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The takeover, which was aired live on local TV, happened as most of the security forces' attention was focused on a tense demonstration against the ruling elite a few hundred metres down the road
The takeover, which was aired live on local TV, happened as most of the security forces' attention was focused on a tense demonstration against the ruling elite a few hundred metres down the road
Cardboard cut outs of militant group Hezbollah's leader Hassan Nasrallah and Speaker of the Parliament Nabih Berri among others were hung in mock gallows
Cardboard cut outs of militant group Hezbollah's leader Hassan Nasrallah and Speaker of the Parliament Nabih Berri among others were hung in mock gallows 
Lebanese Prime Minister Hassan Diab calls for early election
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Thousands of young men and women earlier revived the main camp of a months-long protest movement, some of them carrying portraits of blast victims and a banner bearing the names of the dead.
They pinned the blame for Tuesday's mega-blast at Beirut port on leaders they say deserve nothing less than the fate of the 158 people who died as a result.
'My government murdered my people,' read one sign.
'You were corrupt, now you are criminals,' read another.
The explosion that disfigured the city and shocked the world is widely perceived as a direct consequence of the incompetence and corruption that have come to define Lebanon's ruling class.
After a morning of funerals, protesters marched through the wreckage caused by the monster explosion that killed over 150 people, wounded 6,000 and left an estimated 300,000 temporarily homeless.
The crowds that converged on Martyrs Square breathed new life into a protest movement that started in October but was snuffed out a few months later by the coronavirus pandemic and a crippling economic crisis.
'There is now an opportunity for real change, it's not like the other demonstrations since October,' said Farah. 
Protesters storm government buildings in fury over Beirut blast
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Around 5,000 people had earlier gathered in the central square to vent their fury at the government. A large deployment of police tried to contain them as they chanted 'the people want the fall of the regime'
Around 5,000 people had earlier gathered in the central square to vent their fury at the government. A large deployment of police tried to contain them as they chanted 'the people want the fall of the regime' 
Amidst the violent protests it is believed that one police officer has been killed and dozens of protestors and officers injured
Amidst the violent protests it is believed that one police officer has been killed and dozens of protestors and officers injured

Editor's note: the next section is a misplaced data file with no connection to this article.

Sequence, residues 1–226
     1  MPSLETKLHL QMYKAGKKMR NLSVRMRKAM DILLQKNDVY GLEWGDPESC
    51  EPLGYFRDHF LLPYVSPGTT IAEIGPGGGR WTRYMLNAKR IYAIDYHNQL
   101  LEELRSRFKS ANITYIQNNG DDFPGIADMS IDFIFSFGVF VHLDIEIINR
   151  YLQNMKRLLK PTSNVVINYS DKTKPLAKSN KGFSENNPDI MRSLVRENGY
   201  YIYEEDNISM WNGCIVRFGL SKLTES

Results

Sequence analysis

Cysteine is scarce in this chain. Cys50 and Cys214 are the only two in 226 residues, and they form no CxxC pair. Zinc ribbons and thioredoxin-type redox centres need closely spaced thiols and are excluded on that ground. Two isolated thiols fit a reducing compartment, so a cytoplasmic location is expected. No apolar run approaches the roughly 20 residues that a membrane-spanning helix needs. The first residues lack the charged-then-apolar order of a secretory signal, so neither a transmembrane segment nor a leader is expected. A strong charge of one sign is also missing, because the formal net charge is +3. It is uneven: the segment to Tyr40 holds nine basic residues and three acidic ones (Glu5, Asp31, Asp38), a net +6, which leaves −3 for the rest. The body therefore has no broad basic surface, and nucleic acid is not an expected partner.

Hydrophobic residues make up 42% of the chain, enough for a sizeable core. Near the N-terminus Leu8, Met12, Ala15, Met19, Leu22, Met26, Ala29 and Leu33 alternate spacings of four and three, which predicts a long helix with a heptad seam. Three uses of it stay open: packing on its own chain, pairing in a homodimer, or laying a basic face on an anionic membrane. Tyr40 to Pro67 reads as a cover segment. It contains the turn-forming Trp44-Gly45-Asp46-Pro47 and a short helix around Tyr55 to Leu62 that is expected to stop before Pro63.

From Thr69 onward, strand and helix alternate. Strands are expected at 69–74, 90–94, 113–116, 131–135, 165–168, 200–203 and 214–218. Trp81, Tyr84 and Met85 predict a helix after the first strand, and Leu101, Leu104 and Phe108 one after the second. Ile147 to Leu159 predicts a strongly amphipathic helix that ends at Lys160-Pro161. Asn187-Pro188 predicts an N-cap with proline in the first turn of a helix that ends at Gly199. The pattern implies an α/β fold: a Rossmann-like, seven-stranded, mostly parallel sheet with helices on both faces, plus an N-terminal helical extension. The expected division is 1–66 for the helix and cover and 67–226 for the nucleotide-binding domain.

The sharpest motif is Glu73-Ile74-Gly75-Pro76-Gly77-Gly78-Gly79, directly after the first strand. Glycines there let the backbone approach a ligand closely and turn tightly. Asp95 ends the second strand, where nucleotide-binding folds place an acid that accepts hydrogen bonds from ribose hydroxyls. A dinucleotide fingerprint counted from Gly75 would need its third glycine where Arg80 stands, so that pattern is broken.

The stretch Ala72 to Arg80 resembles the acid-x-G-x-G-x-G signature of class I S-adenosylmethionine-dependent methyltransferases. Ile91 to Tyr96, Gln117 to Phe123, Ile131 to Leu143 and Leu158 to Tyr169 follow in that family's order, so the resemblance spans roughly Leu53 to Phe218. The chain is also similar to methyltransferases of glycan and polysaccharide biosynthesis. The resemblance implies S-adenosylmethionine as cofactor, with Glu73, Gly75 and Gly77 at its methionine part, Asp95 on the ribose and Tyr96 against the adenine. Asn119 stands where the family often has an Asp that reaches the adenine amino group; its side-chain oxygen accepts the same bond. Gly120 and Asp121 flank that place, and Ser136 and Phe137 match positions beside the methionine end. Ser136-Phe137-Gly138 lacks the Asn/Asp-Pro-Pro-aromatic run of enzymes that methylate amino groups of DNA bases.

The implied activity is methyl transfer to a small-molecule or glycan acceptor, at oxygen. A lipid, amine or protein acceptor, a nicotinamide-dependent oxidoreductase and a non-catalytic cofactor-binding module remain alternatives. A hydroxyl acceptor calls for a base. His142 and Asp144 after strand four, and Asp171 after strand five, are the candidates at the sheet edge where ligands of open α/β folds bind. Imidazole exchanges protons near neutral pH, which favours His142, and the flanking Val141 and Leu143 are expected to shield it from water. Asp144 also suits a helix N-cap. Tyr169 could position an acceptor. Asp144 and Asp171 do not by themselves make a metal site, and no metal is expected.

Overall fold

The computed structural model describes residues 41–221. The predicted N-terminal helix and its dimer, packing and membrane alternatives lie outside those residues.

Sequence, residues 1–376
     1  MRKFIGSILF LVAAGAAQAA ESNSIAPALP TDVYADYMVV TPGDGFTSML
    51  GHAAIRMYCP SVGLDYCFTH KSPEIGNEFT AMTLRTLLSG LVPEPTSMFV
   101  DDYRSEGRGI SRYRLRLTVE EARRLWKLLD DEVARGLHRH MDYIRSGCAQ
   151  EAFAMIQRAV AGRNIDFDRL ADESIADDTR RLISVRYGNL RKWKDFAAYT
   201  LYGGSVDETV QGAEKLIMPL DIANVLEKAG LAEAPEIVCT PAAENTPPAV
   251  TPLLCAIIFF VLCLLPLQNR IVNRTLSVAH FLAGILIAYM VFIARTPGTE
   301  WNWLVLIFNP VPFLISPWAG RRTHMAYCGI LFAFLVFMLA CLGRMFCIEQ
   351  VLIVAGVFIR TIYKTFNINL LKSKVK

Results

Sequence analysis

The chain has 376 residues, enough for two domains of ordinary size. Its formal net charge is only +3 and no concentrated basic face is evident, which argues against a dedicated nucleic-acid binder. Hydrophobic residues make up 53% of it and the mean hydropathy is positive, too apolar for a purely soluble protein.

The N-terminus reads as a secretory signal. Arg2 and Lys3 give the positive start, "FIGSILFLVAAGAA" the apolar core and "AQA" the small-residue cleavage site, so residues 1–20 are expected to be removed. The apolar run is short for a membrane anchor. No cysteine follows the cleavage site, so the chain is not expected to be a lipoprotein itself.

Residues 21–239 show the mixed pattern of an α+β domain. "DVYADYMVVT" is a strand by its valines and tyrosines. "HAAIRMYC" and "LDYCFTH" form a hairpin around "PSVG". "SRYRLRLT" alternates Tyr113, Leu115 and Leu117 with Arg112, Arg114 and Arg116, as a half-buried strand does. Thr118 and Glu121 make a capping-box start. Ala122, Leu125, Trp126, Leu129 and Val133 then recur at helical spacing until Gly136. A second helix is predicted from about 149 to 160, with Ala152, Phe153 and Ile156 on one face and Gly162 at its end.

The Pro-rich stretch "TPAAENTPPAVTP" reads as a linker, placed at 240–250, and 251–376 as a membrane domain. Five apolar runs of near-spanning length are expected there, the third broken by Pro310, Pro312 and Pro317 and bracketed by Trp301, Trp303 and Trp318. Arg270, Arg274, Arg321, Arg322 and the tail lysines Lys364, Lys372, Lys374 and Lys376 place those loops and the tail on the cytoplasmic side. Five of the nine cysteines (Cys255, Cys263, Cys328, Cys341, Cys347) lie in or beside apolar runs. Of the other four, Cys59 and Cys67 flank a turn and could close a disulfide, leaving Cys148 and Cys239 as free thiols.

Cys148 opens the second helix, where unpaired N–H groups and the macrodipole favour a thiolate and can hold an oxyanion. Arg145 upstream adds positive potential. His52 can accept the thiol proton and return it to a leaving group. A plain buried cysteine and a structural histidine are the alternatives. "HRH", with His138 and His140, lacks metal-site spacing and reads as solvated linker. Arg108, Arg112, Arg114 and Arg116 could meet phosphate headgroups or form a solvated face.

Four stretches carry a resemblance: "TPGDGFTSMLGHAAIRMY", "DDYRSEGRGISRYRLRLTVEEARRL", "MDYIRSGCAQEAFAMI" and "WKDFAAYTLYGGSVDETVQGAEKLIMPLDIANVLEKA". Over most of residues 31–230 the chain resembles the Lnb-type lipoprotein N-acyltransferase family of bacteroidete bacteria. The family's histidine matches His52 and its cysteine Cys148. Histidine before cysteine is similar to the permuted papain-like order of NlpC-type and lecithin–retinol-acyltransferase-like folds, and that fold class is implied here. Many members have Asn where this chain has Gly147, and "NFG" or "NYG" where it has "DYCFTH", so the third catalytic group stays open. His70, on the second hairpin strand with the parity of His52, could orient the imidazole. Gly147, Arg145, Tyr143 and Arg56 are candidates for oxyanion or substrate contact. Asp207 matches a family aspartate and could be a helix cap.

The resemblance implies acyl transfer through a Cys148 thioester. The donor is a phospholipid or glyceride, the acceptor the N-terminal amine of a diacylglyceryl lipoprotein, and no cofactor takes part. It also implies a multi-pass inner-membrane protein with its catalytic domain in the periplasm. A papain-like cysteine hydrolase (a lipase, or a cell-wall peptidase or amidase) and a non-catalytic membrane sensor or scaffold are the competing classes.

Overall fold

At least 238 people were hurt in the clashes, and 63 of them needed to be taken to the hospital, according to the Red Cross
At least 238 people were hurt in the clashes, and 63 of them needed to be taken to the hospital, according to the Red Cross
Lebanese protest late into the night as anger over Beirut blast grows
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Several protesters were carried away with blood running down their faces. At one point, gunfire could be heard, but its source was not immediately clear
Several protesters were carried away with blood running down their faces. At one point, gunfire could be heard, but its source was not immediately clear
Just down the road, a group of protesters led by retired Lebanese army officers stormed the foreign ministry in central Beirut Saturday and declared it the 'headquarters of the revolution'
Just down the road, a group of protesters led by retired Lebanese army officers stormed the foreign ministry in central Beirut Saturday and declared it the 'headquarters of the revolution'
After a three-hour occupation, the Lebanese army were sent into the retake the building. Pictured: Protesters enter the Ministry of Foreign Affairs in Beirut
After a three-hour occupation, the Lebanese army were sent into the retake the building. Pictured: Protesters enter the Ministry of Foreign Affairs in Beirut
Angry protesters break into foreign ministry building in Beirut
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The explosion that disfigured the city and shocked the world is widely perceived as a direct consequence of the incompetence and corruption that have come to define Lebanon's ruling class
The explosion that disfigured the city and shocked the world is widely perceived as a direct consequence of the incompetence and corruption that have come to define Lebanon's ruling class
Protests in Beirut amid public fury over massive blast